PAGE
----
Explore Your Study Abroad Country Ahead of Time

Health care access, quality, and coverage can differ wildly between the U.S. and other countries. If you’re planning on studying abroad, research that country’s health care system ahead of time. Know their regulations on bringing medicines into the country, vaccination requirements, whether you need to prepare to pay for health care and how your insurer is involved, and possible unique health risks. The U.S. Department of State has a helpful checklist for Your Health Abroad. It’s also wise to see what your school’s program offers.

Learn the Rules for Student Athletes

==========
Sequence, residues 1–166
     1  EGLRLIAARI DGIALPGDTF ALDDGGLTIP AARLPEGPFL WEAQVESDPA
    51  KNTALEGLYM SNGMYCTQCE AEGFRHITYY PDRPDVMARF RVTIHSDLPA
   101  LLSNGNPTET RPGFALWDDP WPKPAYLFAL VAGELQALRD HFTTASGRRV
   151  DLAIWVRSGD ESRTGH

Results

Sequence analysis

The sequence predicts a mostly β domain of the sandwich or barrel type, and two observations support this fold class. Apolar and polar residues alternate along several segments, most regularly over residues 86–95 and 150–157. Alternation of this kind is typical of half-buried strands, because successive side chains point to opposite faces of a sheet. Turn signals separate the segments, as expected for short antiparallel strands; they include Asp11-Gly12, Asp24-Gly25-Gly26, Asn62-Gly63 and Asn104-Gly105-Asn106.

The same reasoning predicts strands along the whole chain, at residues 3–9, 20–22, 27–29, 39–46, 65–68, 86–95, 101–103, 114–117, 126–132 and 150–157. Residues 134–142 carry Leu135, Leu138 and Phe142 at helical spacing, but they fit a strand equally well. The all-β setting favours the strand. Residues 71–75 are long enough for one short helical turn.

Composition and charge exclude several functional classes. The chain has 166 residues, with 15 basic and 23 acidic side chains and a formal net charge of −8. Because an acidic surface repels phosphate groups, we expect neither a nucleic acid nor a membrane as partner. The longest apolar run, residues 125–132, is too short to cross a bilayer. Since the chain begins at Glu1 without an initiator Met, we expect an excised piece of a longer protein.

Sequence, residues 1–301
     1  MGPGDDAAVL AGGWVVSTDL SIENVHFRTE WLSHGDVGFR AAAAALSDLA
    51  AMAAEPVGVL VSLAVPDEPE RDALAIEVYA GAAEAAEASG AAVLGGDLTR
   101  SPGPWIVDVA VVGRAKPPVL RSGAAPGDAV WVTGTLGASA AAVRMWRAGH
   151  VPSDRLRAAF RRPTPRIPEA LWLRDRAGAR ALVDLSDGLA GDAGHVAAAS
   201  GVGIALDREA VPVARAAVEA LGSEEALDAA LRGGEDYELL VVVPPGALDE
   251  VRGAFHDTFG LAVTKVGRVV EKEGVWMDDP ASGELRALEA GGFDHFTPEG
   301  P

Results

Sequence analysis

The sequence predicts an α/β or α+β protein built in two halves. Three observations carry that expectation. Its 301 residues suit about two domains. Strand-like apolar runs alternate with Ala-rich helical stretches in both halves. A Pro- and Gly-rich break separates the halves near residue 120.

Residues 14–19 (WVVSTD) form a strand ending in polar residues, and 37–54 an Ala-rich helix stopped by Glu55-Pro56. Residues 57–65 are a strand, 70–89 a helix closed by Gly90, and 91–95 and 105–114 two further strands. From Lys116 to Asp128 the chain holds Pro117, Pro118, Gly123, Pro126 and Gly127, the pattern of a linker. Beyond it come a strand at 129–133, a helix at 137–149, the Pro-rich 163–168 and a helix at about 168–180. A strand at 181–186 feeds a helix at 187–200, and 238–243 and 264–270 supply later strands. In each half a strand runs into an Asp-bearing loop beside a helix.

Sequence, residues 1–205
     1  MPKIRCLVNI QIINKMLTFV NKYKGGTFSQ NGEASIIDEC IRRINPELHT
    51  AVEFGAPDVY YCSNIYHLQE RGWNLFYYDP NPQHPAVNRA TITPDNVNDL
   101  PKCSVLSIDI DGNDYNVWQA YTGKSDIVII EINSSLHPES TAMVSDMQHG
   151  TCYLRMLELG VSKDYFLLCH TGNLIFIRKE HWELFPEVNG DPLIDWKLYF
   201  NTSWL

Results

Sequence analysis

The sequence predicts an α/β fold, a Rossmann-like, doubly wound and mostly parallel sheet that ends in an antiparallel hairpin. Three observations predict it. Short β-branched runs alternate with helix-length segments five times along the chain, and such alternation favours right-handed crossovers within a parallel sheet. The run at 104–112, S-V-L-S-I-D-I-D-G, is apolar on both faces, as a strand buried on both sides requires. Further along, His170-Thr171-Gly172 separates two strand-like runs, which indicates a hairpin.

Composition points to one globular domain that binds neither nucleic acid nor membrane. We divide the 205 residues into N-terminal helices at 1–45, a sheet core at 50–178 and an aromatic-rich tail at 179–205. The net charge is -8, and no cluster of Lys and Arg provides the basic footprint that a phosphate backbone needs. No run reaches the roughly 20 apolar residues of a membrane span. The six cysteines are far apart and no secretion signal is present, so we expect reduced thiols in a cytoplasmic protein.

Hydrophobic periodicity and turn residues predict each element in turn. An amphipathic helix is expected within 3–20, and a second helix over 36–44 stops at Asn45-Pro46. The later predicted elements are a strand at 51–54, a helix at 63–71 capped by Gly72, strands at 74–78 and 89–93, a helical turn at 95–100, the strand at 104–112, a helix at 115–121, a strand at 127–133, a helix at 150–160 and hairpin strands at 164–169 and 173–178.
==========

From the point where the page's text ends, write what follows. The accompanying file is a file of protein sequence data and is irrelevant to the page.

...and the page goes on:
While student athletes can theoretically pay a fine rather than carry insurance under the ACA, many collegiate athletic programs require student athletes to demonstrate coverage in order to participate. The NCAA is one example of an organization that requires student athletes at member institutions to carry personal insurance to participate in games, practices, or workouts.

Student athletes should check the insurance requirements of their school as well as those of their school’s collegiate athletic organization (The NCAA is the largest of these, but not the only one). Student athletes should also research what medical records they may be required to produce to demonstrate they are healthy enough to participate in sports.

Student athletes have additional requirements and restrictions for their diet and physical condition. Coaches and trainers will provide some guidance, but the NCAA also has some helpful resources for student athletes to educate themselves on healthy living.

Plan Ahead for Prescriptions